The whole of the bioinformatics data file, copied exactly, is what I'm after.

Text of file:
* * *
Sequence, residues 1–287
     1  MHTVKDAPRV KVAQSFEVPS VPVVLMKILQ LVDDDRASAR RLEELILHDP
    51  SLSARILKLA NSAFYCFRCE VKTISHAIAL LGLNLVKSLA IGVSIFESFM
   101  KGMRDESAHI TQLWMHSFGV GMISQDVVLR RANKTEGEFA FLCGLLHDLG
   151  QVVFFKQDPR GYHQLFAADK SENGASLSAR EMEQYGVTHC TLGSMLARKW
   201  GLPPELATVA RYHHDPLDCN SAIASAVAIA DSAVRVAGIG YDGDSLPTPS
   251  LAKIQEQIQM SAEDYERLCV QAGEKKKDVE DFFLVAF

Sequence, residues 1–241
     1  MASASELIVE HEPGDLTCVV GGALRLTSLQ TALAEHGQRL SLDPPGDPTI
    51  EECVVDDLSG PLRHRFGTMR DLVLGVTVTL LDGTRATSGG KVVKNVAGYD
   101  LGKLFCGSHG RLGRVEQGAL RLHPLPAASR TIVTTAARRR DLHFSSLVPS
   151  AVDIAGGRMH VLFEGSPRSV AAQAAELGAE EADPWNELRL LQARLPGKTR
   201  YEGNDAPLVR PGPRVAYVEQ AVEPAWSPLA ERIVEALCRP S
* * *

Sequence, residues 1–287
     1  MHTVKDAPRV KVAQSFEVPS VPVVLMKILQ LVDDDRASAR RLEELILHDP
    51  SLSARILKLA NSAFYCFRCE VKTISHAIAL LGLNLVKSLA IGVSIFESFM
   101  KGMRDESAHI TQLWMHSFGV GMISQDVVLR RANKTEGEFA FLCGLLHDLG
   151  QVVFFKQDPR GYHQLFAADK SENGASLSAR EMEQYGVTHC TLGSMLARKW
   201  GLPPELATVA RYHHDPLDCN SAIASAVAIA DSAVRVAGIG YDGDSLPTPS
   251  LAKIQEQIQM SAEDYERLCV QAGEKKKDVE DFFLVAF

Sequence, residues 1–241
     1  MASASELIVE HEPGDLTCVV GGALRLTSLQ TALAEHGQRL SLDPPGDPTI
    51  EECVVDDLSG PLRHRFGTMR DLVLGVTVTL LDGTRATSGG KVVKNVAGYD
   101  LGKLFCGSHG RLGRVEQGAL RLHPLPAASR TIVTTAARRR DLHFSSLVPS
   151  AVDIAGGRMH VLFEGSPRSV AAQAAELGAE EADPWNELRL LQARLPGKTR
   201  YEGNDAPLVR PGPRVAYVEQ AVEPAWSPLA ERIVEALCRP S